The nones, then, are not necessarily “secular” — if “secular” means nonpracticing or nonbelief in ideas and activities understood to be religious, like God or prayer. More so, the secularization hypothesis does not appear to be correct. In even the theoretically “secular” countries of Western Europe, where 1 in 5 people attend religious services monthly, nearly three-quarters identify as “Christian.” In addition, even as Christianity declines, other belief systems emerge. Some 20% of British people who say they don’t believe in God or a higher power say they do believe in guardian angels. And so on.
If the secularization thesis is not right when it comes to individuals, perhaps it’s more useful in thinking about institutions. Some scholars argue that “secularism” makes sense only when we talk about government policy in the modern world. So, in France, “secularism” means that public spaces controlled by the state will have no involvement with religion. But, in India, “secularism” means that the state will interact with religions but must treat each one equally; the state can regulate religion but must not treat one differently than the other. In the United States, “secularism” means something in between those two. But note that this way of thinking about the term has nothing to do with what individuals believe.
Institutions vs. individuals
A final possible way of understanding secularism — and perhaps making sense of what is happening in America today — is to think of secularization as the status of religious institutions. It is clear that participation in traditional religious organizations in the United States is in decline, as happened in Europe in the late 20th century. According to the Pew Forum, between 2007 and 2019, the number of Americans who called themselves Roman Catholic declined from 24% to 20%; the number of Americans who identified as Protestant fell from 51% to 43%; and the number of Americans who said they attend religious services at least monthly dropped from 54% to 45%.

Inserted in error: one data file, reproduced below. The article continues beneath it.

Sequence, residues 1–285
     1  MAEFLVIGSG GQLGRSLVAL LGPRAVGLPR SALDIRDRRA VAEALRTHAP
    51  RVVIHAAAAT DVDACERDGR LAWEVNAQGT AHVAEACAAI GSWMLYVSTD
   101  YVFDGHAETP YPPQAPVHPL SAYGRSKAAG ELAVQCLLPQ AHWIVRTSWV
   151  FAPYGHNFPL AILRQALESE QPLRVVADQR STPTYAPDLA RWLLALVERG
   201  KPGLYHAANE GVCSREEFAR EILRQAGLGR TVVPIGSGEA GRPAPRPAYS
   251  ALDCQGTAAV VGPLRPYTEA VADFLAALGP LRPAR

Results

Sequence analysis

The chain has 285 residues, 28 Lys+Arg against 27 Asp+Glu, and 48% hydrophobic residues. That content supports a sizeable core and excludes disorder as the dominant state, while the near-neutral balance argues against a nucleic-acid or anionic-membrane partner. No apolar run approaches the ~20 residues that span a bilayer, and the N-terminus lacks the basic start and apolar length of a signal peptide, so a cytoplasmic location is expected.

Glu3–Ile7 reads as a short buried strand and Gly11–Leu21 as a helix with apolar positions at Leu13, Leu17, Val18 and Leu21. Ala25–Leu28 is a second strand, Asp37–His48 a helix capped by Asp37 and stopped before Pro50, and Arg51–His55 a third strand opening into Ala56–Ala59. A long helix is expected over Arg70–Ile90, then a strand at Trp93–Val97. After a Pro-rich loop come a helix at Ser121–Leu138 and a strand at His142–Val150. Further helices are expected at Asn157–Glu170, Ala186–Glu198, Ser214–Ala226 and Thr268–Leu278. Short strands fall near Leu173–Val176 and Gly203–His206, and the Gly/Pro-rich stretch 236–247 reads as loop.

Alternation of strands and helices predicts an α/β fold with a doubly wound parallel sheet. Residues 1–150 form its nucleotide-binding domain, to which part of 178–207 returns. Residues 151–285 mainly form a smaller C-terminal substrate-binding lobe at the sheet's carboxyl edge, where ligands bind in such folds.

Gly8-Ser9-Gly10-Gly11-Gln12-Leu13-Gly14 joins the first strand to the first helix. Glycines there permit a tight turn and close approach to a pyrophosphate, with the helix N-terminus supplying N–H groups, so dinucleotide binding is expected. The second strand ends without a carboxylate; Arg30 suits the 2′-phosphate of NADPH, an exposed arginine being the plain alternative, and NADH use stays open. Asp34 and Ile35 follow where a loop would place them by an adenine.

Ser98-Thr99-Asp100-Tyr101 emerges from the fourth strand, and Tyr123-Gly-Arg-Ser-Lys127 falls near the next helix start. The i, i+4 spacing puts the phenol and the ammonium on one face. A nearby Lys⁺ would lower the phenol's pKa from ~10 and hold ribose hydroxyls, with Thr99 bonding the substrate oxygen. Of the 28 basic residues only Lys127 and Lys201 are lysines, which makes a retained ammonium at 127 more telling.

If we were, then, to describe secularization as the process of disaffiliation with traditional religious institutions, we might have a sustainable argument that the United States is secularizing. However, that process seems only loosely bound to “secularism” if it means the exclusion of religious practices or ideas, which, as we’ve seen, seems not to be fading, but rather to be transforming away from traditional Christian practices and belief and toward fascination with other, more esoteric forms like the zodiac or tarot.
Paying close attention to what the word “secular” may mean seems to lend support neither to terrifying visions of an entirely mechanical, immoral and atheistic society nor a rationalist wonderland. The word “secular” turns out not to mean the utter absence of religion, but just a way to describe what religion looks like, and how it changes.
Matthew Bowman is the Howard W. Hunter Chair of Mormon Studies at Claremont Graduate University and the author of the recently released “The Abduction of Betty and Barney Hill: Alien Encounters, Civil Rights, and the New Age in America” and, in 2012, “The Mormon People: The Making of an American Faith.”